The Mud Bug

By Victor E. Zast -- By the fourth at Sportsman's Park, the screen was a flat silver platter. The image of horses spinning out of the blowing snow was such that you couldn't distinguish one from another, so different from the colorful telecasts being sent via satellite from Gulfstream and Santa Anita. Sitting at a table of unshaven strangers, my feet ankle deep in scattered betting slips, I wondered how long it would be for the Sportsman's officials to call off the dreary competition.

Off-track betting is the winter way to watch racing. There are 203 television screens at the Mud Bug, aka Trackside Chicago, the off-track betting facility owned by Arlington Park. At the Mud Bug, it's possible to watch racing at a dozen different racetracks. Take your choice of tracks. Take your choice of races. Take your choice of rooms. There's a good restaurant, a couple of full-service bars, a teletheater, and a mysterious back room hideaway for big bettors.

When it first opened, the Mud Bug was a den for men with no place to go.

Today the Mud Bug has neighbors like Crate & Barrel, Restoration Hardware, and The Container Store, not to mention valet parking. But don't let its tony surroundings fool you. On weekends, the place is overrun with bona fide racetrackers, and the Mud Bug hums with delicious bad behavior. It gives me the buzz I got from going to the track in the old days.

I started going to the racetrack as a teenager, when living in Buffalo; I'd flee to Fort Erie to escape from the ordinary. Racing's renegade reputation made it seem "cool" to me, or more accurately, made me feel "cool" for liking it. A visit to Fort Erie was a walk on the wild side.

To me, there was no place on Earth like the racetrack. It was a place reserved for adults, and the adults who gathered there left all their differences behind. The language, the colors, the customs, the diversity--these were the qualities which made the track unique and enticing. That you could see little men who rode big horses and you could bet on them just added to the lure.

But there was something more about Fort Erie that intrigued me. My parents believed I shouldn't have gone there.

My parents considered racing disreputable, which provided me the perfect reason for going. Forbidden fruit is tastier than the roadside variety, even at my current stage. These same illicit emotions are what draw me to the Mud Bug, although its owners, the starched-collared men who sit in The Jockey Club, may not fully comprehend them.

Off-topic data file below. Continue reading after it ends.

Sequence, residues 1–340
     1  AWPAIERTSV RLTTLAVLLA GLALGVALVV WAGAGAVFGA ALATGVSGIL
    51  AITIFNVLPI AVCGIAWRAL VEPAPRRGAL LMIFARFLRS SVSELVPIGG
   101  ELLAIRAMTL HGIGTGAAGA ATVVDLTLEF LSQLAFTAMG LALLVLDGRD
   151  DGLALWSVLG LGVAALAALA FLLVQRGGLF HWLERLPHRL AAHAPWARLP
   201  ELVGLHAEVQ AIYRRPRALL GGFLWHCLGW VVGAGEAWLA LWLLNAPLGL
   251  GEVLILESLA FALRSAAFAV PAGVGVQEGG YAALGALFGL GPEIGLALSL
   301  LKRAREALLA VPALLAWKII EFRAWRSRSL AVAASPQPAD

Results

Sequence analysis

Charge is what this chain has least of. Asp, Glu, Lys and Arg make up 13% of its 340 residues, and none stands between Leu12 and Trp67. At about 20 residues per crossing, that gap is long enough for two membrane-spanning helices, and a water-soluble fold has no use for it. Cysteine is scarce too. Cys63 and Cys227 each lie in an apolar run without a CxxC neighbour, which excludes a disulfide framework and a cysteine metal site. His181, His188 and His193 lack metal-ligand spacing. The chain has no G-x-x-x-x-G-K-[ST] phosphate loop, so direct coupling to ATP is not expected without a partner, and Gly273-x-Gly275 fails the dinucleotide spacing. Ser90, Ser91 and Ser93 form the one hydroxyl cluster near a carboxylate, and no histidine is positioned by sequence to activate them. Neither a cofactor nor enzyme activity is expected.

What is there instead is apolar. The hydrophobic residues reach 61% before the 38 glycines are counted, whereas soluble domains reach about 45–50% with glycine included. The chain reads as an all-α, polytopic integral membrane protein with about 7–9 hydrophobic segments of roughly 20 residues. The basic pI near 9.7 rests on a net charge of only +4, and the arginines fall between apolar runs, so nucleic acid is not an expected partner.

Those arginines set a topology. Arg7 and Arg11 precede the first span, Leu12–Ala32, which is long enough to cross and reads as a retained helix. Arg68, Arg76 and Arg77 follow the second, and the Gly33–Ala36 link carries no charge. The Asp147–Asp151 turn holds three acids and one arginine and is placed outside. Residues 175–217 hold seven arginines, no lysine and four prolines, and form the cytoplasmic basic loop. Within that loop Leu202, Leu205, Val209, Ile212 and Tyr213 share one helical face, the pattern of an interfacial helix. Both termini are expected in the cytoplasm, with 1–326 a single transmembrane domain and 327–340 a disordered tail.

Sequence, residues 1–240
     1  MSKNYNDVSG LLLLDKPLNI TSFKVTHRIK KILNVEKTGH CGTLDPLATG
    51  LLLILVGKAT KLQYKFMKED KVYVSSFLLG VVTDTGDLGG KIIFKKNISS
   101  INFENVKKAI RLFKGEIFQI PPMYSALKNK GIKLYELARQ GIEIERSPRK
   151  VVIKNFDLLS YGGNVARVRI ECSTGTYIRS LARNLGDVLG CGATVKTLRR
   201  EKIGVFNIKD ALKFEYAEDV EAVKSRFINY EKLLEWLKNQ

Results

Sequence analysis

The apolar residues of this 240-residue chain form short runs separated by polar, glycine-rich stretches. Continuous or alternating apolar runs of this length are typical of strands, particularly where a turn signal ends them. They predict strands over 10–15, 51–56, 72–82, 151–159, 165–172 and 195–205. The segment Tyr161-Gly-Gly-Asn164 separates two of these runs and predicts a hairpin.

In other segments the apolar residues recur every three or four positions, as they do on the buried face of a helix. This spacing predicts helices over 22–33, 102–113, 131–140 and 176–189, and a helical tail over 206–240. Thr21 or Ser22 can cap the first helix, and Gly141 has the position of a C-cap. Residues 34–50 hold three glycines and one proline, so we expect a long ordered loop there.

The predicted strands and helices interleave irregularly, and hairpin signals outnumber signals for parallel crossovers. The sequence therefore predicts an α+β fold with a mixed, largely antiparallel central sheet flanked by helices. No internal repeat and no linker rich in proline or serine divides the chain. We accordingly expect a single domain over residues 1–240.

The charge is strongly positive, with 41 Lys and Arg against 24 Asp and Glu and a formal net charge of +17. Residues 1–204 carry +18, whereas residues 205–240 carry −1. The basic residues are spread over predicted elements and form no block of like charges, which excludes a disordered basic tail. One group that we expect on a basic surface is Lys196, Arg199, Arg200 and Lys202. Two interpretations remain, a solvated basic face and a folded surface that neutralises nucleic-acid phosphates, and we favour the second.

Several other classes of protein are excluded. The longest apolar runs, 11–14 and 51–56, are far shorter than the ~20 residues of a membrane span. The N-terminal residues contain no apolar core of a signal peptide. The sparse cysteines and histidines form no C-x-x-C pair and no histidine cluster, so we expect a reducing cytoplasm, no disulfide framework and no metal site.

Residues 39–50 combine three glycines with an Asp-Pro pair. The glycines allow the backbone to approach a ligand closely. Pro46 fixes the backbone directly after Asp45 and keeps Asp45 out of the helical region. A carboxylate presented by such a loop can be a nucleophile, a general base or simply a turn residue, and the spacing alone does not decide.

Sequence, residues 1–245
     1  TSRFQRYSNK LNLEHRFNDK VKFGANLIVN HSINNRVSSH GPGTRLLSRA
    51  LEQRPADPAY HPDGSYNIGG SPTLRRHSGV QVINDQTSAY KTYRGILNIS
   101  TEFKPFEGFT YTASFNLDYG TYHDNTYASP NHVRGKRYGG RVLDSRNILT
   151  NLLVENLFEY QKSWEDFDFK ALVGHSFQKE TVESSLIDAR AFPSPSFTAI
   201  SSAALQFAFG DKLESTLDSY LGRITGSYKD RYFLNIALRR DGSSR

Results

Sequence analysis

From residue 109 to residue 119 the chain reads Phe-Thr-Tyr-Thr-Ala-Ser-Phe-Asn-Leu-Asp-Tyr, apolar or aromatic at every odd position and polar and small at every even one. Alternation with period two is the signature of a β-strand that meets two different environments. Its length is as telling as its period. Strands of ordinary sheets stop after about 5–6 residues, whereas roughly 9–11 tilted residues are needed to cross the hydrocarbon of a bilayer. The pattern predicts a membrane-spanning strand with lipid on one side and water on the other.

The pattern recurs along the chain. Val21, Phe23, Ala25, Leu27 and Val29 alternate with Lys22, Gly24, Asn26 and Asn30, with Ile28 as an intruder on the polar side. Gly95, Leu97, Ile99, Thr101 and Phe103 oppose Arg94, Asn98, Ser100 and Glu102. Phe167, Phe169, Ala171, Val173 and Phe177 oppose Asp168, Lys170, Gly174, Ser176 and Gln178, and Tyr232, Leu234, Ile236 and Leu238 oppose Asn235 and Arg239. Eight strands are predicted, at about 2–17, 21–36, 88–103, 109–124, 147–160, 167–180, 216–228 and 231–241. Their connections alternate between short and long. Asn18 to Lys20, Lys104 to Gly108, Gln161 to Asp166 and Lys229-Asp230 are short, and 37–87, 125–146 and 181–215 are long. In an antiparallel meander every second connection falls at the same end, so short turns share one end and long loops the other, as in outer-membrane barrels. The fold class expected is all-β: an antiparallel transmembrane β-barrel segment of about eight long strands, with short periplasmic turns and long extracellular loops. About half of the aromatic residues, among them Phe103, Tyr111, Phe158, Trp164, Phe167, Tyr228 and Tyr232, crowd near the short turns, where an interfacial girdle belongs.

There is a concentrated effort by racing's leaders to sanitize the sport. The visionaries believe the way to attract new followers is to turn the racetracks into shopping malls and entertainment centers. They've taken us racing fans
through the era of sports bars and concert stands. Casinos are next, I suppose.

It's hard to argue against clean accommodations and a family-oriented sport. But the logic of consumer research is based on people's ideals. The design of the perfect place is a left-brained response to simplistic questions about what people say they want. Who in a focus group would dare to answer, "The Mud Bug"?

If the truth were told, a love for racing has always been driven by the other side. It's the right side of the brain which enables us to gamble, to feel happiness and anger, disappointment and hope. Combining the charm of the carnival with a visit to the palace is no easy trick.

Three years ago, the owners of Sportsman's Park decided to combine the Thoroughbred track with a motorsport track. The hideous change converted a cozy neighborhood gem into a vacant grandstand. In a city of eight million people, fewer than a couple thousand were on hand when the snowstorm struck. Meanwhile, the Mud Bug was rockin'.

Finally, and mercifully, the last three races on Sportsman's card were canceled. The favorite in the sixth, a horse named Handsome Red, stumbled in the sloppy frozen stretch and fell to the track.

On the television monitors, the gray-ghosted images of Sportsman's Park were replaced with a bright blue screen which delivered the dreaded message, "Temporary loss of our satellite signal due to the weather pattern of snow."

So much fun was being had at the Mud Bug that nobody seemed to care. b

Victor E. Zast is president of Private Perfumery in Chicago.